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David Russo - Prescription drug abuse

Shutterstock photo
Shutterstock photo

The United States consumes 83 percent of the world’s oxycodone and 99 percent of its hydrocodone, according to a 2010 International Narcotics Control Board report. These are both generally classified as potent painkillers and sedatives used for a wide variety of medical needs such as pain control, anxiety and depression.

Unfortunately, abuse of these prescription medications has become prevalent in our country — and particularly in Oregon.

In 2006, EcoNorthwest studied the dollars-and-cents effect of such abuse. Its study noted total direct economic costs from substance abuse in Oregon alone totaled approximately$5.9 billion in 2006, or an amount equal to the entire budget for the state of Oregon in 2013. This cost includes the use of both prescribed and illegal drugs; there is so much cross-over between the groups that costs cannot be attributed to one or the other. The $5.9 billion fell into the following three categories:

n $4.2 billion in the loss of earnings as a result of lost productivity by drug and alcohol abusers who die prematurely, are sick, fail to come to work or are incarcerated as a result of substance abuse, and by victims of crimes committed by abusers.

n $813 million in health care costs related to substance abuse programs.

n $967 million in other costs, such as violent, property and consumption-related crimes; expenditures on alcohol and drug enforcement laws, criminal justice and social welfare programs; and property damage attributed to motor vehicle crashes and fires.

Oregon health providers and leaders, as well as policymakers, should be paying attention. A July 2014 study by the Centers for Disease Control and Prevention documented how Oregon is fourth in the U.S. for long-lasting opioid prescriptions, 16th for high-dose opioid prescriptions and in the top half for overall opioid prescribing.

In running a pain management medical practice in Hood River, I see how difficult it is for patients to deal with chronic, life-altering pain issues. Sometimes, the outcome is abuse of or addiction to the very pain-relieving medications designed to help.

A study of prescription opioid abusers in a drug rehabilitation program found that 80 percent tampered with opioid tablets to accelerate drug release by chewing or administering the drug intranasally or intravenously.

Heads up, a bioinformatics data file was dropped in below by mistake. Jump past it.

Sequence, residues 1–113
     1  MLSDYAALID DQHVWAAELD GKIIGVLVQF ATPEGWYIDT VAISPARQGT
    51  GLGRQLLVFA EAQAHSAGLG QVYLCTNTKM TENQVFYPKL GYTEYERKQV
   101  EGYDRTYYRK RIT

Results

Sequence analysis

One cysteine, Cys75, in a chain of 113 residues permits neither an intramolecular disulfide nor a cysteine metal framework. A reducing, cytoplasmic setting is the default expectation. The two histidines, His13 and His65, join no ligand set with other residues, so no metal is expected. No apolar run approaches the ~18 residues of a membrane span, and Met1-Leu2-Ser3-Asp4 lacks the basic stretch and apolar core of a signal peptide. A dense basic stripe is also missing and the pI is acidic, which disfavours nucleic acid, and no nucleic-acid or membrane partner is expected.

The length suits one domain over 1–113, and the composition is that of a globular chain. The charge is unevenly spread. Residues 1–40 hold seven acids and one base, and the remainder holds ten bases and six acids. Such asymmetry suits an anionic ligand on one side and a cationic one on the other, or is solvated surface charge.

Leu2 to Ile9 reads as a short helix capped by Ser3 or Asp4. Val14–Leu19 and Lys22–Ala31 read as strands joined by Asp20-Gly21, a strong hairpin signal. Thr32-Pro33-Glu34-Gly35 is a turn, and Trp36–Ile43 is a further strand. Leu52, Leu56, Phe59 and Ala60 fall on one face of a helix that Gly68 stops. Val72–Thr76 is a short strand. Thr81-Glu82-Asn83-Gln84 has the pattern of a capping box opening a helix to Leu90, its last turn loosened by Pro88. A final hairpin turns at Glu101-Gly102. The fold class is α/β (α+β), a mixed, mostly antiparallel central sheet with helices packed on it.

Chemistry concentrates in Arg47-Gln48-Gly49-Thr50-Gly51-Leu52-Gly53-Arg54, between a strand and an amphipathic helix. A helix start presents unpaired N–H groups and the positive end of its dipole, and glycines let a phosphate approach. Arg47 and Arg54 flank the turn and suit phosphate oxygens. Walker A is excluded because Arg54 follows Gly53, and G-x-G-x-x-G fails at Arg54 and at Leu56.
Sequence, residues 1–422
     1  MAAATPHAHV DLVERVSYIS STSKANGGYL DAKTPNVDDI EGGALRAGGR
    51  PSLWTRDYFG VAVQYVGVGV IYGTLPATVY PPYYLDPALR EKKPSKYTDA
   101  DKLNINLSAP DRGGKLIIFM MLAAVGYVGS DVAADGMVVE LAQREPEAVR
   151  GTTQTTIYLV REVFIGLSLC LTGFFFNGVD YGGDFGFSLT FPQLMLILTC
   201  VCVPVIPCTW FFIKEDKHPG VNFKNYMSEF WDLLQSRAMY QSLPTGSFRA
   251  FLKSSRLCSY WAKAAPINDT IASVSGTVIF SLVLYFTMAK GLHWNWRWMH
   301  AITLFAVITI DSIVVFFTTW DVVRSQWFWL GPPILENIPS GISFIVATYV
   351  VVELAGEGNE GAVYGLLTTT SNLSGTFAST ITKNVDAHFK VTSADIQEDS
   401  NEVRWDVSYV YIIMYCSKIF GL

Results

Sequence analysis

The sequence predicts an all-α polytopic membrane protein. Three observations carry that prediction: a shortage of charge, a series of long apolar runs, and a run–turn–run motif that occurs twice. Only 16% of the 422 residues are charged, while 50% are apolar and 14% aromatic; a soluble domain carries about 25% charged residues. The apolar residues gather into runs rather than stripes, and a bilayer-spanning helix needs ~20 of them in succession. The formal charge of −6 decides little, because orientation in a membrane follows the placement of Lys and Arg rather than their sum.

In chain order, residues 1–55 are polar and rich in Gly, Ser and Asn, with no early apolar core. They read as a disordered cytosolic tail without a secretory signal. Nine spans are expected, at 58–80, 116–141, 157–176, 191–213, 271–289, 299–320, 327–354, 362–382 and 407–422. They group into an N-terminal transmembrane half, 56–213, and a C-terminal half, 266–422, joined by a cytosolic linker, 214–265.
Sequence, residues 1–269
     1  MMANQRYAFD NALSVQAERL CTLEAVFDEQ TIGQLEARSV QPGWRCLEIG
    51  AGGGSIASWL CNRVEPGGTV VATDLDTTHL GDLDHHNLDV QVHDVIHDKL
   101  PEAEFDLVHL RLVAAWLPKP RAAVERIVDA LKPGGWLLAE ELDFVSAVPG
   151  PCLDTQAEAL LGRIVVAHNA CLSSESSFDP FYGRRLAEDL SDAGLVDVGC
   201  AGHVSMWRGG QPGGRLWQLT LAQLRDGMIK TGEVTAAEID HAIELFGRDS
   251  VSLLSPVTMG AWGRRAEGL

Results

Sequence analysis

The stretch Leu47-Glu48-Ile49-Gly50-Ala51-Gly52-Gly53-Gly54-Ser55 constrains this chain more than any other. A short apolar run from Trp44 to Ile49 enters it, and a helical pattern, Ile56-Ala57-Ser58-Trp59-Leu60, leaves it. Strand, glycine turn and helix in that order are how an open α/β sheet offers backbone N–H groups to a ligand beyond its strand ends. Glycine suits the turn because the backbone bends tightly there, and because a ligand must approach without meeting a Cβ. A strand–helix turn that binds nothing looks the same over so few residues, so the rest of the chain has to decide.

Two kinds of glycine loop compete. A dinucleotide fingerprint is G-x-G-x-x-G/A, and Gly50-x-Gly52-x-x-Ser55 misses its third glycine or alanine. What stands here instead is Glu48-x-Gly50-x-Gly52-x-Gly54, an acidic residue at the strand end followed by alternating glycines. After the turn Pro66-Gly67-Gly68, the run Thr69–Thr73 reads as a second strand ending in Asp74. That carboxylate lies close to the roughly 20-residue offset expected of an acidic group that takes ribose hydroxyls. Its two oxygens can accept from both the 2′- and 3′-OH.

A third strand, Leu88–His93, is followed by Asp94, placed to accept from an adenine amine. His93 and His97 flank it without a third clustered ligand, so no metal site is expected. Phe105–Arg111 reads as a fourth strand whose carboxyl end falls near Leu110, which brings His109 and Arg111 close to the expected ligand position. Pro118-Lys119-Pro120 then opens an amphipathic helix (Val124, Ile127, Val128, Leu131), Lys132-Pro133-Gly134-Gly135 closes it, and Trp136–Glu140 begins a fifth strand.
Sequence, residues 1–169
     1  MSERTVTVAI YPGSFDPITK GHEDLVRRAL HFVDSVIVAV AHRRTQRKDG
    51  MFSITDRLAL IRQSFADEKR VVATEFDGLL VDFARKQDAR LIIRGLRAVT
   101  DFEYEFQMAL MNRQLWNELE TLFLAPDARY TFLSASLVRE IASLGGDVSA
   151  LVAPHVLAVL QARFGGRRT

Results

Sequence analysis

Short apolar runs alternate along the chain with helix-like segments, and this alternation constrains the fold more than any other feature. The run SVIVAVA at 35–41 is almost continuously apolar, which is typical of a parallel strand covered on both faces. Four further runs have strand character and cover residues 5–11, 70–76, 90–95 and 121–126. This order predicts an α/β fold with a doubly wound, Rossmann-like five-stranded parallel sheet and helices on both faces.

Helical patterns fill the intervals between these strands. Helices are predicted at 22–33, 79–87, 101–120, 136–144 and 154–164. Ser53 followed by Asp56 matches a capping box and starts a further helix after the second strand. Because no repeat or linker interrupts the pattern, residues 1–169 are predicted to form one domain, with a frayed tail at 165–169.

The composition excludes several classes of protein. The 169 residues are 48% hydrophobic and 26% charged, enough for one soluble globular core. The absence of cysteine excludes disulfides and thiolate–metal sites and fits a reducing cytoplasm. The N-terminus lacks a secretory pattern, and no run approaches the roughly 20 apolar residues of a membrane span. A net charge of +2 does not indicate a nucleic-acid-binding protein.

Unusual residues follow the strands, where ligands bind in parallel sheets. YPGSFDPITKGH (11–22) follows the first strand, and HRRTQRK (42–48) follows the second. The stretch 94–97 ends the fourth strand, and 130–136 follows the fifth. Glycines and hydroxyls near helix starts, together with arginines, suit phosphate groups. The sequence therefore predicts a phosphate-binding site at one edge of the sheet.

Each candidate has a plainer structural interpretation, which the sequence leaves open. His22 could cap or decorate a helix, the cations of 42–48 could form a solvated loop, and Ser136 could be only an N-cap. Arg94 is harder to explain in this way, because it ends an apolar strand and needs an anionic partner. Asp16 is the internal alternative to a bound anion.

But recently, CNN reported the Federal Drug Administration has approved a new “smart pill.” The smart pill uses emerging technology to render certain pain medications completely inactive when their form is altered. Medical research and development companies designed the smart pill to prevent abuse of “those medications that are highly addictive and often abused, such as opioids and benzodiazepines.”

If altered or abused, smart pills can also be developed to produce unpleasant side effects, to alter the timed release and to only be ingestible when taken orally. Such formulations could go far toward preventing continued abuse and addiction as well as overdoses.

For years, prescribing protocols have allowed or even required switching or substituting prescriptions of new, abuse-deterrent medications with the lower cost. But addictive opiate and benzodiazepine prescription medications. Consequently, low-income people have been at higher risk of addiction and overdose from prescription pain killers. One Washington state study found that 45 percent of people who died from prescription painkiller overdoses were Medicaid enrollees.

Insurance providers compound the problem by requiring higher co-pays for the new, more-expensive prescription meds, thus encouraging consumers to ask for the lower-cost drugs.

The good news is that health providers and advocates in Oregon are working together in an attempt to end these practices. In August, the American Academy of Physical Medicine and Rehabilitation, which represents pain management specialists and physiatrists, developed guidelines on responsible opioid prescribing practices for chronic pain patients.

Such standards are not only timely for Oregon, they reinforce what many, many health providers and I do every day: balance risks and benefits; screen and triage for substance use disorders, psychological disorders and addiction; monitor patients closely, including their clinical toxicology outcomes; prioritize patients’ function and quality of life; and provide a personalized plan of care.

It’s going to take a team to resolve Oregon’s abuse problems.

We know, besides the correct prescribing methods, that the best way to decrease abuse opportunities is to increase the use of smart pills. This can be done at the pharmacy counter and by prescribers noting “dispense as written” when issuing a prescription or electronic prescription order.

We are asking health leaders, prescribing providers and state policymakers to follow the CDC’s report by examining prescribing practices to better control the possibility of abuse and overprescribing, so we all can enjoy the benefits of modern medicines as well as caution in our care.

Local reaction
The Yamhill Community Care Organization, or YCCO, is addressing the prescription medication abuse issue head-on in our community.
YCCO recently invited all local prescribers to a meeting raising awareness of the issue and recommending they adopt the recently developed opiate prescribing guidelines.

David Russo, D.O., is a physician and pain management specialist in Hood River. He helped develop the national guidelines to help physicians and patients better manage their opioid prescriptions.

When prescription medications are diverted by drug abusers, they are usually altered to accelerate drug release and effects. New technology would help prevent such misuse. Shutterstock.com

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